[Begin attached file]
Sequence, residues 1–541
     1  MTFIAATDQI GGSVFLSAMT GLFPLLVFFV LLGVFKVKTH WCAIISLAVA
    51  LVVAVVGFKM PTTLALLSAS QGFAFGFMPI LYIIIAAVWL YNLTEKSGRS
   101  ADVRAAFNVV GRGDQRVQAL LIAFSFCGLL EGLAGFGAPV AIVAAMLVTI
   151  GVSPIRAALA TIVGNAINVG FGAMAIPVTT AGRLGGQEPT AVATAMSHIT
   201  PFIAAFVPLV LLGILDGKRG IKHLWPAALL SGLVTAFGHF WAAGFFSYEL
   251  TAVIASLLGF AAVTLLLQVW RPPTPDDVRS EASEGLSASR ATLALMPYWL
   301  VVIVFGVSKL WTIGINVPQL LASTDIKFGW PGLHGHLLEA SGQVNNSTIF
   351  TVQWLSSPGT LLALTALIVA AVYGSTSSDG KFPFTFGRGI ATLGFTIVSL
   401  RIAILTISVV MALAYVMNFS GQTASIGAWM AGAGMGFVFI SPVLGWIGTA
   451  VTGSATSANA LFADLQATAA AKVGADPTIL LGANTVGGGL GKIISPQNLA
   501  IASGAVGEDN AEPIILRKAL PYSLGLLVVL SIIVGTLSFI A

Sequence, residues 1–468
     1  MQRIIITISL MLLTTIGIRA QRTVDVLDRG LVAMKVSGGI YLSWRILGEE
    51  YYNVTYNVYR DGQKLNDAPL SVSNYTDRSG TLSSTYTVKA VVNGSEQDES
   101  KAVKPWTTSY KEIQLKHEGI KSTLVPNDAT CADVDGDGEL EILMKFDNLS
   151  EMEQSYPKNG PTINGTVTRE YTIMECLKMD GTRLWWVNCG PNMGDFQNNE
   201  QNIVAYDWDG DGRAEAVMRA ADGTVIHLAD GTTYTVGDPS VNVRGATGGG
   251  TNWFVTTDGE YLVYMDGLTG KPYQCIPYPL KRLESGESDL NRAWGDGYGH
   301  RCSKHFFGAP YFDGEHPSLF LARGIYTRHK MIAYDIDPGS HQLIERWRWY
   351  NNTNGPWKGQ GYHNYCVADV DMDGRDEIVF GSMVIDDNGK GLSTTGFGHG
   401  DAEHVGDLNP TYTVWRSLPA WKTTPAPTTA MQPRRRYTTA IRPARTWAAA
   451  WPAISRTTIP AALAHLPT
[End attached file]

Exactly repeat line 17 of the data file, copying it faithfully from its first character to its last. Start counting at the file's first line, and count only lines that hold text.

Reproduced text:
   151  EMEQSYPKNG PTINGTVTRE YTIMECLKMD GTRLWWVNCG PNMGDFQNNE